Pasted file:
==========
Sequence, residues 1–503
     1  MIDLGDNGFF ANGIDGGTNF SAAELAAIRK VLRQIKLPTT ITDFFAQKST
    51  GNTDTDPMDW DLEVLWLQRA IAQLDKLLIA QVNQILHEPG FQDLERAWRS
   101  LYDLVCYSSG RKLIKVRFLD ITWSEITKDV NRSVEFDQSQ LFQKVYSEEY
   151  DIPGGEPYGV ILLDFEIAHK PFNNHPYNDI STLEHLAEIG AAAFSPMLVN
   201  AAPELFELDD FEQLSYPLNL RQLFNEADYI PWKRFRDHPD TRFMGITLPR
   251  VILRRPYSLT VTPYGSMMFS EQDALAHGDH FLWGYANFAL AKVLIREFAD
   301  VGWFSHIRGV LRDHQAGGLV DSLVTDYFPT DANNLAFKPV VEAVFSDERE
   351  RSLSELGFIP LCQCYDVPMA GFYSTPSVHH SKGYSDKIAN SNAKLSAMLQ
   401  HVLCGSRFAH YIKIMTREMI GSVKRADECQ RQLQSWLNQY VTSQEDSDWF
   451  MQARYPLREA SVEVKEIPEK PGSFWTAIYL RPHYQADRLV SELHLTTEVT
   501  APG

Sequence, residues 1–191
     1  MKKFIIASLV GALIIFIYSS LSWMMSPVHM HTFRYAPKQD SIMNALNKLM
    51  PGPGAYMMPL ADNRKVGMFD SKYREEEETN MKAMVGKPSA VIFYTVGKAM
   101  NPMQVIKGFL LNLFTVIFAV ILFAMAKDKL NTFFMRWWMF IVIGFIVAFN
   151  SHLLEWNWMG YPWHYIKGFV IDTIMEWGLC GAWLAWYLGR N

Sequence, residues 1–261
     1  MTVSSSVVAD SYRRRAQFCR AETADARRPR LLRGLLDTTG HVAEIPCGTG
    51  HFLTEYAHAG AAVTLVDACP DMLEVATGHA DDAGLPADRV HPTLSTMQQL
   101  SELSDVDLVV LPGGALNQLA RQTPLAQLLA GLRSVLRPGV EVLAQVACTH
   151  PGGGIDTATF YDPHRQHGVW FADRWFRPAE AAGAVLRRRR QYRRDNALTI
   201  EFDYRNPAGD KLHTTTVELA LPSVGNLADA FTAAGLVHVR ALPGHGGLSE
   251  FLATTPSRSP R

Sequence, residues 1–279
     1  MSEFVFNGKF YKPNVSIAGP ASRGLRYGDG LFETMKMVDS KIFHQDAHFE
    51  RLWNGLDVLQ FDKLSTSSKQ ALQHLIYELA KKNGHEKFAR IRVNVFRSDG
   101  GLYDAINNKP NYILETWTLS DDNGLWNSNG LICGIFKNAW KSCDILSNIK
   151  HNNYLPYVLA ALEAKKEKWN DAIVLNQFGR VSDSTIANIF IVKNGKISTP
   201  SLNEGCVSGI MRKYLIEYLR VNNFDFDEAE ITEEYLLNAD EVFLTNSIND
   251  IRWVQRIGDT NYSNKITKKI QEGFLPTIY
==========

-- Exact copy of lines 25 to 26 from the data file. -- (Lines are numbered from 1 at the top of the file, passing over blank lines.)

Sequence, residues 1–279
     1  MSEFVFNGKF YKPNVSIAGP ASRGLRYGDG LFETMKMVDS KIFHQDAHFE